If you are considering using an Orange Pi 5 for Mining VerusCoin (VRSC) (Ad) one thing you should have for sure is an additional cooling solution like the GeeekPi Orange Pi 5/5B Cooling Fan with Heatsink, however although good and working well this solution is far from optimal and can benefit from some additional tweaking. The main thing that you can improve is the heat transfer efficiency since the default thermal transfer material that sits in between the CPU and the cooler is a pretty thick thermal pad. Thicker thermal pads are not that efficient, however with a big gap you cannot replace a pad with just thermal paste so you need another solution here…
What you need is a solid copper thermal pad to replace the pink thermal interface that the cooler kit comes with. There are a lot of different copper pads available both in terms of size and in terms of thickness. The ideal width and height would be 18 by 18 millimetres, though there are harder to find and you can go with 15 mm or 20 mm just fine as you can see on the photo above, we went for the bigger one as it covers a larger area. The more important thing here is the thickness and what worked out very well for us is a 1.2 mm thick copper pad (Ad), though you could probably use 1 mm or 1.5 mm as well and compensate with more or less thermal compound. Good thermal compound that we like to use is ARCTIC MX-4 Thermal Compound (8 g) (Ad), though you can use anything else that has good capabilities and you may have lying around already.
The average temperature with the active cooler installed with the default flexible thermal interface pad we have observed was around 65-67 degrees Celsius while mining VerusCoin (VRSC) or around 40 without 100% load. Without the active cooler installed the temperature quickly hits 85 degrees Celsius when the miner is started, so the cooler is doing quite a good job in reducing that operating temperature, however it is still higher than we would like to be for a device running 24/7 mining crypto currencies.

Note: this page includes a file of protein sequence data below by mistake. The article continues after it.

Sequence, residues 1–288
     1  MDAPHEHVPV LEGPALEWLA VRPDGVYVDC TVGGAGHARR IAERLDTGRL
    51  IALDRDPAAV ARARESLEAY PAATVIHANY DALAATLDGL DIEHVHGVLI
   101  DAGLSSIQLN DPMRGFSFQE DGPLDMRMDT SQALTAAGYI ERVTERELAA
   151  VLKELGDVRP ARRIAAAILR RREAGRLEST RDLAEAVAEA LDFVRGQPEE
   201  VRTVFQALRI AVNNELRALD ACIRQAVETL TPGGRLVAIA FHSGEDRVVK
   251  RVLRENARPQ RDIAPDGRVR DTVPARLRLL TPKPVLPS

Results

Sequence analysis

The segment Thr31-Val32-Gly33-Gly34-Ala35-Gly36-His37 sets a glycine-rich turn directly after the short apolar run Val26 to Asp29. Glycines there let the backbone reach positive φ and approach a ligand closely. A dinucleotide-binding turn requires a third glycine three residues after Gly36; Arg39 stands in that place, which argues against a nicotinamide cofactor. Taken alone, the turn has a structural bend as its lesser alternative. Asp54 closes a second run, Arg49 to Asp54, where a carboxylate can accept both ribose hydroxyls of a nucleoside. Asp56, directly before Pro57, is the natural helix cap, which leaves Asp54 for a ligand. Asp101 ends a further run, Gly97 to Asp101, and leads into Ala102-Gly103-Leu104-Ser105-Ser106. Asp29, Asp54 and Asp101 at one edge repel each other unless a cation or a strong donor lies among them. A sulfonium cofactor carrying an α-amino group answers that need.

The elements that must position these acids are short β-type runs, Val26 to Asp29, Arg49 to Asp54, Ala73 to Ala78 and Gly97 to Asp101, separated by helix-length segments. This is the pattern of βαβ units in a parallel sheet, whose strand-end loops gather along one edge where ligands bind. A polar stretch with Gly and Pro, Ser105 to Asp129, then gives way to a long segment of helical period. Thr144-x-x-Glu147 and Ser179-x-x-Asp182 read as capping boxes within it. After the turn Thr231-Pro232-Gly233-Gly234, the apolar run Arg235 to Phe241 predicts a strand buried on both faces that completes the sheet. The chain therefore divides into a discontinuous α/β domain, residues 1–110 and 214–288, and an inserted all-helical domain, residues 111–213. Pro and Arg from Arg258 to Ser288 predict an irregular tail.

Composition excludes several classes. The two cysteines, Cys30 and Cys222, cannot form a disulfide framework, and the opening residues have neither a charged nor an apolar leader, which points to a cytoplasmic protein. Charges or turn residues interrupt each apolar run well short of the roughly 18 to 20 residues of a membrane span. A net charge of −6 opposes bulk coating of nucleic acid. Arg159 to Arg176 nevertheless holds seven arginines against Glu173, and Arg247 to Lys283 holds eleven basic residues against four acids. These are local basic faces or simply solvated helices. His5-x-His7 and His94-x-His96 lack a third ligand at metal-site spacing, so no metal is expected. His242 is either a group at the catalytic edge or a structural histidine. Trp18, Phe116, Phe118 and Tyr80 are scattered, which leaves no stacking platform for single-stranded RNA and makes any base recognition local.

As for the hashrate, a little below 6.6 MH/s average hashrate with a power consumption of about 9 Watts measured at the wall. This is again the result with the active cooler installed with the default flexible thermal interface pad, but as we’ve mentioned things can be improved by replacing the flexible thermal interface pad with a solid copper pad and good thermal compound… the question is how much of an improvement will that bring.
In terms of operating temperature, quite a significant improvement when we add the 20×20 mm copper pad with thickness of 1.2 mm and MX4 thermal compound in between… there is more than 20 degrees Celsius drop in the operating temperature. The newly measured stable operating temperature of the CPU of the Orange Pi 5 with the copper pad is now around 43.5 degrees Celsius, just a little bit higher than the Pi 5 with no active cooling and no load. You can hardly get any lower than that probably with conventional air cooling and you probably would not want to do it anyway as that operating temperature is really what we are more than fine with while mining.
After replacing the flexible thermal pad with a copper pad, we are seeing a slight increase in the average hashrate produced of a little over 100 KH/s to about 6.7 MH/s which might not be that much but is still somewhat of an improvement. There is also a slight drop of the power usage, we’ve measured 8.8 Watts at the wall down from 9 Watts before, so 0.2 Watts decrease in power usage. Again, might not be much but is still something that if you put in a large-scale perspective might build up to more significant numbers over time. The main goal was to lower the operating temperature while mining, but it has led to some other slight improvements as well, so a good job doing this little bit of modification to improve things overall. So, if you have an Orange Pi 5 or a few and if you are using them for mining VRSC or for other things that actually do require more processing power you might consider doing this modification for the cooling as well.
– For a guide on setting up and using Orange Pi 5 for mining verusCoin (VRSC)…
- Publihsed in: Tests and Reviews
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